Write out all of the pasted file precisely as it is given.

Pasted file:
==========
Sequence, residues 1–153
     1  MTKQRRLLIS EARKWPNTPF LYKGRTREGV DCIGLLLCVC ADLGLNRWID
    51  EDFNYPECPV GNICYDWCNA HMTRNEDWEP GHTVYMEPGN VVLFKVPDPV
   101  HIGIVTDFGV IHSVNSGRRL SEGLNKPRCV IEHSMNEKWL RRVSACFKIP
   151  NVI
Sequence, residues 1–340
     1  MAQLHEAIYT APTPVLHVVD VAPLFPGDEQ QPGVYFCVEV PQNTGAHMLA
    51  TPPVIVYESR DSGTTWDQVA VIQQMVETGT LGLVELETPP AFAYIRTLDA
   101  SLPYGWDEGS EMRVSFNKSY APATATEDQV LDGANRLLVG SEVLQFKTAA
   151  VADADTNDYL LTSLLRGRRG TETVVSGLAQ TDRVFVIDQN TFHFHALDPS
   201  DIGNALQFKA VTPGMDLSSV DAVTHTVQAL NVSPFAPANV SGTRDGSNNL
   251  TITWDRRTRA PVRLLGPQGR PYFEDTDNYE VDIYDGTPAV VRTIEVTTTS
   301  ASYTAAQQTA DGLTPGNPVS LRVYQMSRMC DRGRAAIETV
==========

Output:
Sequence, residues 1–153
     1  MTKQRRLLIS EARKWPNTPF LYKGRTREGV DCIGLLLCVC ADLGLNRWID
    51  EDFNYPECPV GNICYDWCNA HMTRNEDWEP GHTVYMEPGN VVLFKVPDPV
   101  HIGIVTDFGV IHSVNSGRRL SEGLNKPRCV IEHSMNEKWL RRVSACFKIP
   151  NVI
Sequence, residues 1–340
     1  MAQLHEAIYT APTPVLHVVD VAPLFPGDEQ QPGVYFCVEV PQNTGAHMLA
    51  TPPVIVYESR DSGTTWDQVA VIQQMVETGT LGLVELETPP AFAYIRTLDA
   101  SLPYGWDEGS EMRVSFNKSY APATATEDQV LDGANRLLVG SEVLQFKTAA
   151  VADADTNDYL LTSLLRGRRG TETVVSGLAQ TDRVFVIDQN TFHFHALDPS
   201  DIGNALQFKA VTPGMDLSSV DAVTHTVQAL NVSPFAPANV SGTRDGSNNL
   251  TITWDRRTRA PVRLLGPQGR PYFEDTDNYE VDIYDGTPAV VRTIEVTTTS
   301  ASYTAAQQTA DGLTPGNPVS LRVYQMSRMC DRGRAAIETV